Global Innovation Networks – Organizations and People
T.J. Hannigan and
Ram Mudambi ()
Journal of International Management, 2018, vol. 24, issue 2, 87-92
Innovation is increasingly the outcome of global networks that connect geographically dispersed knowledge centers. The international business (IB) literature has developed a sophisticated understanding of the multinational enterprise (MNE) as an organization generates value by integrating knowledge across national borders. We advance this literature by making three key arguments. First we highlight the three megatrends that shape the strategy of the modern MNE: the disaggregation of the value chain into ever narrower activities, the migration of value to knowledge-intensive intangibles and the rise of huge emerging markets like China and India, whose domestic firms can grow to enormous size before venturing abroad. Second, we trace these three megatrends to falling spatial transaction costs, enabled in the main, by digitalization. Third, we draw on earlier research on the generic forms of global linkages, arguing that the IB literature has limited itself to organizational pipelines, while paying relatively little attention to personal relationships. The latter are particularly important in the genesis of both entrepreneurship and radical innovation, but are particularly sensitive to the anti-globalization policies. An environment where technology continues to reduce spatial transaction costs, while policy raises them, strengthens large MNEs at the expense of innovative international new ventures.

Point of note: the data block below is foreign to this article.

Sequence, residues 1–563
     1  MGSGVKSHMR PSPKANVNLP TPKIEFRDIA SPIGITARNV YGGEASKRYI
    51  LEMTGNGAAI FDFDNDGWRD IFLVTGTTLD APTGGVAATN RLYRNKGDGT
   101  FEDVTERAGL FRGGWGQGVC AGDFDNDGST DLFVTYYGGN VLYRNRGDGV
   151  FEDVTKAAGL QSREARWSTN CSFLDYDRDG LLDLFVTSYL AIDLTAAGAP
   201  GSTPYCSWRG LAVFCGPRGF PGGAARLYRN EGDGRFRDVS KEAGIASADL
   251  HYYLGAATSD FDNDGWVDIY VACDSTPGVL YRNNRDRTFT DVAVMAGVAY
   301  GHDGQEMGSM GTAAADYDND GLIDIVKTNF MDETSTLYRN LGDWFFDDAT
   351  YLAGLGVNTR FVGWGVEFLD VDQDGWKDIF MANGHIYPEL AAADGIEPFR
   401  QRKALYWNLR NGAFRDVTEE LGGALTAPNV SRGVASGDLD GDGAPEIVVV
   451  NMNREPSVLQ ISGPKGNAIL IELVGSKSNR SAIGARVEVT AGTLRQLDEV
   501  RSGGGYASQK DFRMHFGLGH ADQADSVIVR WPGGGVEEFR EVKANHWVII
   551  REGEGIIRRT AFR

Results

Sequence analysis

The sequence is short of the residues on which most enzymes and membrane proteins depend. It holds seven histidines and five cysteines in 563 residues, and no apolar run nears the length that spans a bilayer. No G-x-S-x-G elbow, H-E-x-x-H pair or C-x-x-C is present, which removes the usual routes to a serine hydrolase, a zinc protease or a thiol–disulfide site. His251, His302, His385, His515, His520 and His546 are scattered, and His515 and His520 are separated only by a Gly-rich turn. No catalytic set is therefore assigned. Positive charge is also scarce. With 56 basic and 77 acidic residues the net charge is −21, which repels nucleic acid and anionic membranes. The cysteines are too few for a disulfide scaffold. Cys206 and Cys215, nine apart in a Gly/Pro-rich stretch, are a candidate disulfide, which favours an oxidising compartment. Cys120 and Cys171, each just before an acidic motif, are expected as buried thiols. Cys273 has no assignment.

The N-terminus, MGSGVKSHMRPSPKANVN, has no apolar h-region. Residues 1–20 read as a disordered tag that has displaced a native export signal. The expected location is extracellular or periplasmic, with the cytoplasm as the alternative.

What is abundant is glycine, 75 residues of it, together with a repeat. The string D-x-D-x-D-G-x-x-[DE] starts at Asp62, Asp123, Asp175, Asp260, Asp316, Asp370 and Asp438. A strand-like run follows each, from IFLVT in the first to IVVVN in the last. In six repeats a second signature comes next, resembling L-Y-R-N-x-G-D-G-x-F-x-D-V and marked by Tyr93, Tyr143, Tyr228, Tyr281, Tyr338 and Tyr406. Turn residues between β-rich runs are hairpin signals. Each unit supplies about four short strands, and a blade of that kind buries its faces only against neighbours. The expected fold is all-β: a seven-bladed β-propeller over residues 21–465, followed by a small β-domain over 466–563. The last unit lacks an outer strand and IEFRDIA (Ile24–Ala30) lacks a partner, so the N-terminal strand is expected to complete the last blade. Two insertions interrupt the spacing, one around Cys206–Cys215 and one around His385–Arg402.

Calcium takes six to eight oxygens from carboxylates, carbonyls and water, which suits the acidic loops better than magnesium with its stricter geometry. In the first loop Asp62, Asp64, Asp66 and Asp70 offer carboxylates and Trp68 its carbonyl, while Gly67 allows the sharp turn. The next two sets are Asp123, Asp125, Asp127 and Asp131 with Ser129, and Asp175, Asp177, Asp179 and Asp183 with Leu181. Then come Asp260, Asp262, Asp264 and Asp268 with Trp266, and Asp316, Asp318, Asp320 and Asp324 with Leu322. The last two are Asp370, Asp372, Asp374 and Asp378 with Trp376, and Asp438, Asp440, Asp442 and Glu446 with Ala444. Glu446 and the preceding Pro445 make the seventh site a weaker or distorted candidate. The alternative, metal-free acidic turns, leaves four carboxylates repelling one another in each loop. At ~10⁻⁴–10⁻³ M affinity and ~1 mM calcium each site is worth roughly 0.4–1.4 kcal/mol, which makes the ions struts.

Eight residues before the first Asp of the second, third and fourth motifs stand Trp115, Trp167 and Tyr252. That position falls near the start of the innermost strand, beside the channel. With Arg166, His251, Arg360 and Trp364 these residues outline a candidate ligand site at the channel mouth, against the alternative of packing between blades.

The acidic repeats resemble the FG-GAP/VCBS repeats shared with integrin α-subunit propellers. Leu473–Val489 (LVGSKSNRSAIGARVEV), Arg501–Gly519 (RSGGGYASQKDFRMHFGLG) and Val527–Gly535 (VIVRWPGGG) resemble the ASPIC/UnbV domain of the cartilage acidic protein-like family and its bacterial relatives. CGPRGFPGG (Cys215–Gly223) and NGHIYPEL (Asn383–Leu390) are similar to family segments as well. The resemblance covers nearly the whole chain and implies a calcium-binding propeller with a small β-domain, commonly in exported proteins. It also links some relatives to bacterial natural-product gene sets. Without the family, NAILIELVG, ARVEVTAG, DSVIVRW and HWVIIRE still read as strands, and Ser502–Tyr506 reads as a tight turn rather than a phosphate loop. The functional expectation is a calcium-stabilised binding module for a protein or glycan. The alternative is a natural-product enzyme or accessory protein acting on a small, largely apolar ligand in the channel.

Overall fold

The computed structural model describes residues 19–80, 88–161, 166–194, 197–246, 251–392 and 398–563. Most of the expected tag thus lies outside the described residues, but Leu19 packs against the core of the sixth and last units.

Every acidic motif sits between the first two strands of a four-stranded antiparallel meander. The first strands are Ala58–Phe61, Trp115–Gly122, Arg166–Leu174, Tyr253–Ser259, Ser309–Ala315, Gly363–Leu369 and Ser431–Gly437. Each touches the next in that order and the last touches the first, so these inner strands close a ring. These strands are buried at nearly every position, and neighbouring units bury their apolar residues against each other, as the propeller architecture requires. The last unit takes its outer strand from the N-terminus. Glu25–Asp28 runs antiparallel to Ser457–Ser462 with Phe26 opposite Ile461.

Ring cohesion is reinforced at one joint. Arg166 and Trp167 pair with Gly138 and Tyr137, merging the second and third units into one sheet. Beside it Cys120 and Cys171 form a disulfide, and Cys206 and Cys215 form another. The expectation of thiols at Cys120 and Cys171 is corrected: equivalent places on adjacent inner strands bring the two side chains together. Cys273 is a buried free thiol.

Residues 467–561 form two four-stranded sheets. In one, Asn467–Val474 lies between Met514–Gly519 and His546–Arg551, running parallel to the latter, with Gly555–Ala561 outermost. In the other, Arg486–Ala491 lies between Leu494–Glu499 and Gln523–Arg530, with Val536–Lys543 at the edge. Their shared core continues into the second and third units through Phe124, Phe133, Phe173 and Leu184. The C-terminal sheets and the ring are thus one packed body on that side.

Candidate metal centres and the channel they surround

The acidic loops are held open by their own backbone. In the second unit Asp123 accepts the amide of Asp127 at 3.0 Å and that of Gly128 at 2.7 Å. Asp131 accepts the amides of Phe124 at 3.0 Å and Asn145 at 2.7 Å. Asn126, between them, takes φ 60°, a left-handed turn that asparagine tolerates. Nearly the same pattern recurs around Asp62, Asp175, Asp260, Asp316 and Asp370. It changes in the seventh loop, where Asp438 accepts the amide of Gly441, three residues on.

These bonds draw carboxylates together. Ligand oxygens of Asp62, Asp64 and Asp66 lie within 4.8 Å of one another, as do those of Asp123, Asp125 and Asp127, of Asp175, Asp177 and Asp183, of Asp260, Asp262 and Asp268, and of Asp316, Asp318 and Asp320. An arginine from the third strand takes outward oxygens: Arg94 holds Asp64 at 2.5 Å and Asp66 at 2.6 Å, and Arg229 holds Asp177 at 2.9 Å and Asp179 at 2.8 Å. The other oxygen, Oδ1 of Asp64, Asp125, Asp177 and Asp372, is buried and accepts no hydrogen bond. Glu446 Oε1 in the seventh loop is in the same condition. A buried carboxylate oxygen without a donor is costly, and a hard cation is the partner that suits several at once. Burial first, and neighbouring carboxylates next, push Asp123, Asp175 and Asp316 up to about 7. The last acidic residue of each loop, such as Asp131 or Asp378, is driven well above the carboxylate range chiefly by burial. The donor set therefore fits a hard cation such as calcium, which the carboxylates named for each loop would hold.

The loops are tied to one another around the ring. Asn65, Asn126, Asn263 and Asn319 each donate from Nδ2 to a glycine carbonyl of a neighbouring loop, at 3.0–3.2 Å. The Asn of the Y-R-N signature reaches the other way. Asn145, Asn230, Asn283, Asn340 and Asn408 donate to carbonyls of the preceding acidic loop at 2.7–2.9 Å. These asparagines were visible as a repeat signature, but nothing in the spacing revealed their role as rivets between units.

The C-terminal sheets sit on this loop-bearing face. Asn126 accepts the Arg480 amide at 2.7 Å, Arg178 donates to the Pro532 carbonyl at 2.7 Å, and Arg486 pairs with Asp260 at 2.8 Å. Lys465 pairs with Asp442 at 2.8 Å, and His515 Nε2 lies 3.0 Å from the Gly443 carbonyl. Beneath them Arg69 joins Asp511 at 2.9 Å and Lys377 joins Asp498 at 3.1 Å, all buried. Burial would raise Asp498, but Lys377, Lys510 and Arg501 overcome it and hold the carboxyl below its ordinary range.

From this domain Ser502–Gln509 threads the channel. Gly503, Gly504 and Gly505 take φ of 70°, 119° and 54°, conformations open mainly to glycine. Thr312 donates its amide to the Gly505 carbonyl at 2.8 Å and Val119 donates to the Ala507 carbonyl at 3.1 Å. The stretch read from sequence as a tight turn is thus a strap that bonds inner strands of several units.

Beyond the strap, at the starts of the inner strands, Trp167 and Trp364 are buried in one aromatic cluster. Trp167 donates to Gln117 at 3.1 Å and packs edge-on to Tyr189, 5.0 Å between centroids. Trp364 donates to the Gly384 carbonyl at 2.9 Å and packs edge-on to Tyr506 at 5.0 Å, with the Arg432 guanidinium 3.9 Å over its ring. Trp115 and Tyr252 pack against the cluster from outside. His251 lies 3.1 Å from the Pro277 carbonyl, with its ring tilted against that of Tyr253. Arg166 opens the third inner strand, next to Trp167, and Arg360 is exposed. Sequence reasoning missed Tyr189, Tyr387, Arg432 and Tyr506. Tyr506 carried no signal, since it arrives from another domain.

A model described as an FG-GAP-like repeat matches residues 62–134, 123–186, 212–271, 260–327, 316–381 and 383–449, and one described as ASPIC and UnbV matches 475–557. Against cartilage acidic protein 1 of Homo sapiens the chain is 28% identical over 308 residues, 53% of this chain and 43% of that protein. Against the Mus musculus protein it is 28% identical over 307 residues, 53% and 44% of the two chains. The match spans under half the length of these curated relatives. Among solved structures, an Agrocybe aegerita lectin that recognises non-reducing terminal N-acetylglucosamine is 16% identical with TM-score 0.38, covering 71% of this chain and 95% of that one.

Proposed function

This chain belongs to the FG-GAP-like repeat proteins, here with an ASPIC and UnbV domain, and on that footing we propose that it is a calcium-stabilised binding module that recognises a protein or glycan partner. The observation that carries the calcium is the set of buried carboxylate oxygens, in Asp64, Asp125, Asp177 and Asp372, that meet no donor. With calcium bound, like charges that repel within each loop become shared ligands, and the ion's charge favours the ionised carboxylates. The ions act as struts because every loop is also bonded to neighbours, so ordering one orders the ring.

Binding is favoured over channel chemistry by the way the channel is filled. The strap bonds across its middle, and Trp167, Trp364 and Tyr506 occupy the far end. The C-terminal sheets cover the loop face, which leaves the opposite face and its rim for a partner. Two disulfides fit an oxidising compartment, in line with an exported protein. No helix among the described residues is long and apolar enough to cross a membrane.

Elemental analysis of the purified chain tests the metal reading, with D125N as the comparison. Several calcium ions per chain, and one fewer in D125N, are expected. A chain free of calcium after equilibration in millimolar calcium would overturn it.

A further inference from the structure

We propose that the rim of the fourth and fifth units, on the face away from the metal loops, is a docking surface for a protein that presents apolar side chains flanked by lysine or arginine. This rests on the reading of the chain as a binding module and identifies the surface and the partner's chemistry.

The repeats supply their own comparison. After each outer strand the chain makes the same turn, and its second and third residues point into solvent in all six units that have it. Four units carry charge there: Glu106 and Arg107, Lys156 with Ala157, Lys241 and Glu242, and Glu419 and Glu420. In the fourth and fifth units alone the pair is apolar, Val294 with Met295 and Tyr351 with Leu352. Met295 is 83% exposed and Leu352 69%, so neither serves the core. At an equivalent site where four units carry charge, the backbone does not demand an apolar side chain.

Keywords: Innovation networks; Intangibles; Emerging markets; Global linkages (search for similar items in EconPapers)
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